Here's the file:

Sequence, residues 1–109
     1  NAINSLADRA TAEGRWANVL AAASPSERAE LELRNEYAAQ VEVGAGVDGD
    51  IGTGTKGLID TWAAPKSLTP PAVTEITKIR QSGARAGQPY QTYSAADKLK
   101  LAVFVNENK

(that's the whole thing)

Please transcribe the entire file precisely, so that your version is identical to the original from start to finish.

Sequence, residues 1–109
     1  NAINSLADRA TAEGRWANVL AAASPSERAE LELRNEYAAQ VEVGAGVDGD
    51  IGTGTKGLID TWAAPKSLTP PAVTEITKIR QSGARAGQPY QTYSAADKLK
   101  LAVFVNENK